Keratoconus is an eye disease that affects the structure of the cornea. As the cornea thins and gradually bulges outward, it can cause blurred vision and light sensitivity. Keratoconus occurs in approximately one in 2,000 individuals, with symptoms typically starting during puberty and progressing into the mid-30s.
Although keratoconus has been studied for decades, researchers know little about it. The exact cause of the condition is unknown, though it’s believed that some people are born with the predisposition at birth. Because people with keratoconus have a loss of collagen in the cornea, it’s possible that there’s an imbalance between the production and destruction of the corneal tissue by the corneal cells.
Signs and Symptoms of Keratoconus
The signs and symptoms of keratoconus may change as the disease progresses. At first, people with keratoconus usually start with glasses to treat their astigmatism and nearsightedness. As the disease progresses and the glasses no longer work, patients generally need to wear a contact lens.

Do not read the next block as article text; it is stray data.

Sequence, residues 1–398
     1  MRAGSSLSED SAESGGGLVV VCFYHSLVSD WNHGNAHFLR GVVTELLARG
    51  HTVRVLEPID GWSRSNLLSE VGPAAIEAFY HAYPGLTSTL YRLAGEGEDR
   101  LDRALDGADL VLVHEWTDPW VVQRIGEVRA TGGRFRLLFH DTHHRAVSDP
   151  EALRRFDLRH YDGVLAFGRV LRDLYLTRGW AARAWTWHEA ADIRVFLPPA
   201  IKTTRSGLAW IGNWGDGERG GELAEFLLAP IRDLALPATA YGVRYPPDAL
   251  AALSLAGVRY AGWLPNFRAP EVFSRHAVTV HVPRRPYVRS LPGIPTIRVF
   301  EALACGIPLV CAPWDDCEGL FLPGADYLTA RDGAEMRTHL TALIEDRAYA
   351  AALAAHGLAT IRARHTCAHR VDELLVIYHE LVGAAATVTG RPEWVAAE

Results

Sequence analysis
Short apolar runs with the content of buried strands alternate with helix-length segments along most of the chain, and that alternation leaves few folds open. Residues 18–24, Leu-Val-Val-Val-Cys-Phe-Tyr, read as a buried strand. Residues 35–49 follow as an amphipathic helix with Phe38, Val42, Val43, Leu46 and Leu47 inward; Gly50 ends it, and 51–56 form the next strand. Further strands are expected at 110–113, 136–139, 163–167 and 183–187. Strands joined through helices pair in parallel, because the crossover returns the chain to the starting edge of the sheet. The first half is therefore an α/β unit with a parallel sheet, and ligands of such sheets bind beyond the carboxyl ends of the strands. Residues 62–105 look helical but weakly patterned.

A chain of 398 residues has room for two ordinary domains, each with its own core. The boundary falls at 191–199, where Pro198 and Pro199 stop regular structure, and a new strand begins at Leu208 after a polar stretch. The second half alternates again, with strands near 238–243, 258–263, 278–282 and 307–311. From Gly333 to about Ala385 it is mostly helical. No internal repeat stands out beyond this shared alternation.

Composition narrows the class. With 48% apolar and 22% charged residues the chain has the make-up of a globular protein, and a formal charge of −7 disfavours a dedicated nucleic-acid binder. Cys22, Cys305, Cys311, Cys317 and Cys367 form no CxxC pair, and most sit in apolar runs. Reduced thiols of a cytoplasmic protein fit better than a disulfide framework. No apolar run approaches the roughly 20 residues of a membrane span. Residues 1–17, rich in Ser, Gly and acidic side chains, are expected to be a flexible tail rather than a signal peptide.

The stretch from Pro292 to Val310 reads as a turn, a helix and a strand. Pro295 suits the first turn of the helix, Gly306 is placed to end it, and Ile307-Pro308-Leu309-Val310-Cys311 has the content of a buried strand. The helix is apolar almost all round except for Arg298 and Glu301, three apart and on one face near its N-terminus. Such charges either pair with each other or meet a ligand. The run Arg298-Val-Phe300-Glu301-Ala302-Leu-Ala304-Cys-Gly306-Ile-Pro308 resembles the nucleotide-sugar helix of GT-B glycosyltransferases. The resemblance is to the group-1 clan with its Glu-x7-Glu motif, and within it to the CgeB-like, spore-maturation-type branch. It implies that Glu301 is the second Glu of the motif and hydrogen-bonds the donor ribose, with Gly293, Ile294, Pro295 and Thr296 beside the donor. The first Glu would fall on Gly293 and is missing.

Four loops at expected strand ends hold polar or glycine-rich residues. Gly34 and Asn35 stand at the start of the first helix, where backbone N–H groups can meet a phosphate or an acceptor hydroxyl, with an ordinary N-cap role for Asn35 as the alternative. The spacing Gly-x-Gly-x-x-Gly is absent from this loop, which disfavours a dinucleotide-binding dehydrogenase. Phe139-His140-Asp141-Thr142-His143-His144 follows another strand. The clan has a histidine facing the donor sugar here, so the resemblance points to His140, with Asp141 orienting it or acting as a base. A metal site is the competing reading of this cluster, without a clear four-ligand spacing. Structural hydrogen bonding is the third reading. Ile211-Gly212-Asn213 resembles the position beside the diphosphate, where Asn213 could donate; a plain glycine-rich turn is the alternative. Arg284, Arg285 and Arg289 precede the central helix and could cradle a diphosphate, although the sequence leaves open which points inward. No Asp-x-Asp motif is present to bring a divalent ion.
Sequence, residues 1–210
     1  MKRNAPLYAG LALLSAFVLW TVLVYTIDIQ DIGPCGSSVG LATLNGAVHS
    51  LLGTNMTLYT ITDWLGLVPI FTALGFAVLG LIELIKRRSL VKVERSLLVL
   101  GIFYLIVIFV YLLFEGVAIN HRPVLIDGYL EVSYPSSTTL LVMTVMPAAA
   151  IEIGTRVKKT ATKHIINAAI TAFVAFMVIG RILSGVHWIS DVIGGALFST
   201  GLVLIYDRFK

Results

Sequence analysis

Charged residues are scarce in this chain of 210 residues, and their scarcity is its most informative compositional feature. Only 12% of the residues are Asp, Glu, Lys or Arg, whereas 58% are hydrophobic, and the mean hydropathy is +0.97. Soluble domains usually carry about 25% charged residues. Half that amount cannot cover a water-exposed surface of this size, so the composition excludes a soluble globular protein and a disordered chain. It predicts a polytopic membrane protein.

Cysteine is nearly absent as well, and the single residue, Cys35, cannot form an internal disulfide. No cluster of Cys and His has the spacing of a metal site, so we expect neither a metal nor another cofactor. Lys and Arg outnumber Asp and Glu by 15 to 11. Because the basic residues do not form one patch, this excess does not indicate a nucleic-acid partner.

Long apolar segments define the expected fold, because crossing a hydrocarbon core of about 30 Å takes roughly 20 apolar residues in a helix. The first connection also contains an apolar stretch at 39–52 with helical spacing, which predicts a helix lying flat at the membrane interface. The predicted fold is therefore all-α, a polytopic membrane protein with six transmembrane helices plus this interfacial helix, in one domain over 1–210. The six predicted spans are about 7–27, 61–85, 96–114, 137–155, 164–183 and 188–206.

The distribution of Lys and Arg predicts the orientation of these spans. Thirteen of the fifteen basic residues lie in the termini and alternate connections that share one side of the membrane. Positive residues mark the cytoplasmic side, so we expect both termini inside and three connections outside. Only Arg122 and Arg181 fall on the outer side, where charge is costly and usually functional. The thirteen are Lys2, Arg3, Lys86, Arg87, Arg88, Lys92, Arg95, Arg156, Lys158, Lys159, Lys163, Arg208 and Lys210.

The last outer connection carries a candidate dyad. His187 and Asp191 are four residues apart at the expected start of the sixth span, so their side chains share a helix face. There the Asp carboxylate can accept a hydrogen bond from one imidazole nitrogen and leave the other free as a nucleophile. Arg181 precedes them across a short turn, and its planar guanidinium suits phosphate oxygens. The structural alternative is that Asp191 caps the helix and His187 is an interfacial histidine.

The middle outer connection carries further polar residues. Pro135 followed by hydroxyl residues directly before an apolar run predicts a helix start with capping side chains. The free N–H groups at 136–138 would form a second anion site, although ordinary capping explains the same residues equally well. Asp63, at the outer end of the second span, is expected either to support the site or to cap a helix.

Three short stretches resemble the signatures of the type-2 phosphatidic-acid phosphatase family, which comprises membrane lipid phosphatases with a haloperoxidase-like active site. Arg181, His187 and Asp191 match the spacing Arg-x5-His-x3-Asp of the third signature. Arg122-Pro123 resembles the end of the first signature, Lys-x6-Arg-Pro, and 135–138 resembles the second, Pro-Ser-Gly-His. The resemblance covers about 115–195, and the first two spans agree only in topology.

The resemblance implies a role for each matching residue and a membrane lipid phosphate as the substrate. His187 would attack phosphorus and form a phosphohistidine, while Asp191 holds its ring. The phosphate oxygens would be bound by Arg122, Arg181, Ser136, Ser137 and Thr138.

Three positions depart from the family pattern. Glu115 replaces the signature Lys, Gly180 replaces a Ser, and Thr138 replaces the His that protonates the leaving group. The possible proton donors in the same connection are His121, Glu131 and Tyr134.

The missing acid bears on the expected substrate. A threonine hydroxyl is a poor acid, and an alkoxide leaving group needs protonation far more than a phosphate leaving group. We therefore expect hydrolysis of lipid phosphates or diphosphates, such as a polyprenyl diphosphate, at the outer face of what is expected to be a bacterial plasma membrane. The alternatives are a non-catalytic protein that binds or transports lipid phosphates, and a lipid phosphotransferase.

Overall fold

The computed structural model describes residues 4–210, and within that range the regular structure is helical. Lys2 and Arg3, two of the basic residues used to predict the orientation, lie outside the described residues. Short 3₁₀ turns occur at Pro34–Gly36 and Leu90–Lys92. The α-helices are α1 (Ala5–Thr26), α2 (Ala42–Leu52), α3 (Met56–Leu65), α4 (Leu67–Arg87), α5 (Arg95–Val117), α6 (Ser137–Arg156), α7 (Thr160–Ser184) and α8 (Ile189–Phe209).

Then, as the disease progresses further, patients can be treated with corneal collagen cross-linking. This procedure involves applying a vitamin B solution to the eye and then activating it for 30 minutes or so. The solution causes new bonds to form, as well as helps preserve some of the corena’s strength and shape.
While corneal collagen cross-linking will not make the cornea completely normal, it will prevent the vision from getting worse. Below are the signs and symptoms to watch for:
- Blurred or distorted vision
- Difficulty driving at night
- Sudden worsening or clouding vision
- Increased sensitivity to bright light and glare
- Need for frequent changes in eyeglass prescription
When to See an Eye Doctor
If your eyesight is worsening at a rapid rate, schedule an appointment with your ophthalmologist right away. It could be astigmatism, but your doctor will also check for keratoconus. To diagnose the condition, your eye doctor will review your medical and family history and conduct an eye exam.
Your treatment will depend on the severity of the condition and how quickly it’s progressing. The goals of treatment are to slow the progression of the disease and improve your vision. At this time, there is no known prevention or cure for keratoconus. But this does not mean you can’t live a full life with the condition. With the right eye specialist, you can treat keratoconus and preserve your eyesight.